Todd Childers is the manager of the computer project. It's known as the enterprise resource planning system but also goes by the more digestible name of "wvOasis."

"The project team feels strongly that it would be in the state's best interest to move to bi-weekly because it standardizes things," Childers said.

Gainer and Tomblin favor bi-weekly payments.

They, along with Treasurer John Perdue, are on a three-member board that helps oversee the wvOsasis project. A spokesman for Perdue, who is also a member of the board, could not be reached Friday afternoon.

A separate wvOasis steering committee recommended that the three-member board move the state to a bi-weekly system. But the steering committee was concerned that the change would put employees in a difficult position initially.

A simple example shows why. Under the current schedule, a salaried employee who makes $30,000 a year takes home $1,250 each paycheck, or $2,500 a month no matter what month it is. (The example doesn't count taxes and other withholdings.)

If the state changes to a bi-weekly system, each of the 26 paychecks would be $1,154. In a normal year, because of the calendar, there would be nine months with two paychecks apiece and three months with three paychecks apiece.

In those nine months, employees would take home about $2,300 a month - or about $200 less than they do now. They would make up for that in the three months with three paychecks when they received about $3,500 a month.

But if the switch happened in January 2014 - which is when the new computer system is supposed to be up and running - employees would go several months with only two pay periods a month, meaning they could end up behind on their bills.

"The first four months when the state switched over to that system, employees' net pay each month would be less than currently, then it would have popped back up (in a month with three pay periods)" said Tomblin Chief of Staff Rob Alsop.

To help deal with those first few months, Gainer said the steering committee suggested finding some way help employees, including a possible "hardship voucher" of some kind. That might have meant a bonus to employees because of the switch.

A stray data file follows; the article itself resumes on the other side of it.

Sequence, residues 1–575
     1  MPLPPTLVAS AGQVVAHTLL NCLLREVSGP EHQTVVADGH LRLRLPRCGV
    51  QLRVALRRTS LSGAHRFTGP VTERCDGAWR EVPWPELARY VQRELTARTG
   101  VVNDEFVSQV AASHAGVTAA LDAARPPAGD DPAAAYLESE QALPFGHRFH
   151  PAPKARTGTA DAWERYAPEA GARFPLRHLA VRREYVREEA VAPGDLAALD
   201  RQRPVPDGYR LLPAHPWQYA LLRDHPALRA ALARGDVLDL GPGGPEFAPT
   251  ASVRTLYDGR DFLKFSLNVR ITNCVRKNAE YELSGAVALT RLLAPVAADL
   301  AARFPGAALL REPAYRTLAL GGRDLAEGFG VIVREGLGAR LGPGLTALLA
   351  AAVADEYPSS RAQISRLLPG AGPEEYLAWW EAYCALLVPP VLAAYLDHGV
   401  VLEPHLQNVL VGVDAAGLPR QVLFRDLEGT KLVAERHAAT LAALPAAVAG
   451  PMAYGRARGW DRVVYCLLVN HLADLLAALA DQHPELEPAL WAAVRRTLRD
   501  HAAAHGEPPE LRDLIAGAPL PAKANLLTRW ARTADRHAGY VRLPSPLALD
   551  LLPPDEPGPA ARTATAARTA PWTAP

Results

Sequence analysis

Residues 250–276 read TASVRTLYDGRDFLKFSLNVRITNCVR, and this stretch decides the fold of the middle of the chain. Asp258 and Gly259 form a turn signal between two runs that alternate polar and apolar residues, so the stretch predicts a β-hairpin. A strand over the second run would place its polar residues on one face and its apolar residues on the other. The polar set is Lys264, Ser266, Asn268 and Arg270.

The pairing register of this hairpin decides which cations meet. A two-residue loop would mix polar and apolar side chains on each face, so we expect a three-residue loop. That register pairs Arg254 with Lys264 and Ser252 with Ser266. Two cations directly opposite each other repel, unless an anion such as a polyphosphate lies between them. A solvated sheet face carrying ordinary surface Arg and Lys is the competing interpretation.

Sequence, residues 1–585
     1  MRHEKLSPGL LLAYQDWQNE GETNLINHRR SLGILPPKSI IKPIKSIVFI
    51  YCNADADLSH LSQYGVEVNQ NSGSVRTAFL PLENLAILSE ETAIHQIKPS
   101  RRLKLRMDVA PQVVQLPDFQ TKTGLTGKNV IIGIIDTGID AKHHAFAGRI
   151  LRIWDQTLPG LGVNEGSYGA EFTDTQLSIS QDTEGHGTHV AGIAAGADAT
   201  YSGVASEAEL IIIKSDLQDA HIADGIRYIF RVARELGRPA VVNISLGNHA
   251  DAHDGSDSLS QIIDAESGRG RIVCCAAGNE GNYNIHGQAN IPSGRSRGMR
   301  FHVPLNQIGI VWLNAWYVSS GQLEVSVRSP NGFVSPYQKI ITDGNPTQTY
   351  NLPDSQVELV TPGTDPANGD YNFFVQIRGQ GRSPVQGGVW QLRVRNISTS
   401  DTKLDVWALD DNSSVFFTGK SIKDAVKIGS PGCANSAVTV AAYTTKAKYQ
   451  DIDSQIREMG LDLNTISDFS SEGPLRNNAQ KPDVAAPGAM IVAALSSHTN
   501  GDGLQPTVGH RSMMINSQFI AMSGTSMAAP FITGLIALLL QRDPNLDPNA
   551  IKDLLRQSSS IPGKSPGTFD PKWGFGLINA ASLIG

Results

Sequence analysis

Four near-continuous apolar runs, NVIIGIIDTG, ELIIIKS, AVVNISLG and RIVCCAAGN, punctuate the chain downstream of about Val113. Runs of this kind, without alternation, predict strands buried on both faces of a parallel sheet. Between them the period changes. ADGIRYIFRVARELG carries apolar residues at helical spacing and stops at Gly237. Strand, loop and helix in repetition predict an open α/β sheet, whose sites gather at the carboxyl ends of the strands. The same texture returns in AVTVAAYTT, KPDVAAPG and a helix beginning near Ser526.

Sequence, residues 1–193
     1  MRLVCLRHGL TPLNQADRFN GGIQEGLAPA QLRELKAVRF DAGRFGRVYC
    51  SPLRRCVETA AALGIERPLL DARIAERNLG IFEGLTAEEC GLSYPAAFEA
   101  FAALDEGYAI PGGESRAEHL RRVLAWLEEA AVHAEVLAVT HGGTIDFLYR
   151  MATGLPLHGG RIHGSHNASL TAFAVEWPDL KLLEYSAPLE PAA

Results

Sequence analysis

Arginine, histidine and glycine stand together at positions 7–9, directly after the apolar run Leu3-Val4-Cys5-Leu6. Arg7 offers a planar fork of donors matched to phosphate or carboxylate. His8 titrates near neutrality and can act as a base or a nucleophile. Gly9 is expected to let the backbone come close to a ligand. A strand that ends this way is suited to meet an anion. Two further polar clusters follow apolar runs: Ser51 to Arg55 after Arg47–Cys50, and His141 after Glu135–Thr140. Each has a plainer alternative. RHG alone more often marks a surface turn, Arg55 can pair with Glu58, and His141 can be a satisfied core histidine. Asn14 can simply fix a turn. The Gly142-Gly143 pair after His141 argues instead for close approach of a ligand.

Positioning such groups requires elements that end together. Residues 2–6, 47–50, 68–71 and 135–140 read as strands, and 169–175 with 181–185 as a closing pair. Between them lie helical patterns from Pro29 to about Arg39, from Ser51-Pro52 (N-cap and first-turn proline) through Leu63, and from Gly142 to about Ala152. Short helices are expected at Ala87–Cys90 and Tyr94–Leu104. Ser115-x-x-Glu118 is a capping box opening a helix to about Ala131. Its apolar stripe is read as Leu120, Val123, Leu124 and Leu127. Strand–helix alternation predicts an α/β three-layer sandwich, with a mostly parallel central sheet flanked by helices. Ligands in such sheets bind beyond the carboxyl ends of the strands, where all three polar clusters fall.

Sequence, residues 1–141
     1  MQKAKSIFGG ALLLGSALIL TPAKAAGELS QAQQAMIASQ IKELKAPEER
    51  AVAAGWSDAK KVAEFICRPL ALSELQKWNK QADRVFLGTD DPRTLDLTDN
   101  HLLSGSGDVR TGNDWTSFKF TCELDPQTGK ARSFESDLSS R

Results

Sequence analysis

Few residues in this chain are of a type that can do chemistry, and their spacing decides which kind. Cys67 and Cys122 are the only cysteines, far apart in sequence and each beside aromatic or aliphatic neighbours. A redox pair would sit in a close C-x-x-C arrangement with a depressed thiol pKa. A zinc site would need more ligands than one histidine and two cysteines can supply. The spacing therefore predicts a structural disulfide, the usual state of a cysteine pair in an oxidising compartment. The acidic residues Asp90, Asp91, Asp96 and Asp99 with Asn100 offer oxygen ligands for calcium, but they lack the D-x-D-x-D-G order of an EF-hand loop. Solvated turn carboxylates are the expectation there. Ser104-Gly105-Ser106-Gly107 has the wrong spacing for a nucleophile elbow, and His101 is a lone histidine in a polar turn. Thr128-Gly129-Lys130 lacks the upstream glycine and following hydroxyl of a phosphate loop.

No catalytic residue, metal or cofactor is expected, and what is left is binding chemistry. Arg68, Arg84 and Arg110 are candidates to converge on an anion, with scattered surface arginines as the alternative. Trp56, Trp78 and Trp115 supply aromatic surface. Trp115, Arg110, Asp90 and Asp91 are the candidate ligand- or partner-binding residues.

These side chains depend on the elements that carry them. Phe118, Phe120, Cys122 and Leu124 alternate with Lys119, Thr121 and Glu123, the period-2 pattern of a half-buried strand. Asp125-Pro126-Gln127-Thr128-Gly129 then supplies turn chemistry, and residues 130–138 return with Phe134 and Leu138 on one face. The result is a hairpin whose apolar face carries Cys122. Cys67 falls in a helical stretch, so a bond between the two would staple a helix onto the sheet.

Gainer said the Tomblin administration rejected that idea because the 2014 budget year is expected to be tight.

Now, Alsop said the state is considering making the switch in December 2013 in a way that would not cost the state extra money but that would keep employees from getting behind the curve on their bills because of the switch.

"I think most of the options would have some sort of upfront payment to get them started but then they would make the same annual salary that they otherwise would have made," Alsop said.

The three-member board has already rejected one plan that would have changed the pay cycle, but Gainer and Alsop both said the decision was likely to be reconsidered.

One final complicating factor is that the current pay scheme is set in state law. So, the Legislature would need to approve the change.

Alsop said legislative leadership is on board.

But, there remains concern that the Legislature may end up balking for some reason when it meets next spring. That's a cause for concern because computer programmers want to get to work on the payment system now.

Officials believe they can be more efficient if the new computer system is programmed to pay on a bi-weekly schedule. But it would most likely add costs if the programmers began to program the system now for bi-weekly payments and then had to go back and re-program the system to the current, more complicated semi-monthly schedule if the Legislature failed to act.

The three-member board is expected to meet in coming weeks to again talk about the pay schedule, but Gainer said a date has not yet been set for its next meeting.

Contact writer Ry Rivard at ry.riv...@dailymail.com or 304-348-1796. Follow him at www.twitter.com/ryrivard.            

12/15/2011 - Software to merge state systems

Charleston Daily Mail.com

Software to merge state systems

by Jared Hunt
Charleston Daily Mail

CHARLESTON, W.Va. - State officials signed a $98 million contract for a new statewide software system Monday that they say will pay for itself in eight years and save taxpayers nearly $150 million within a decade.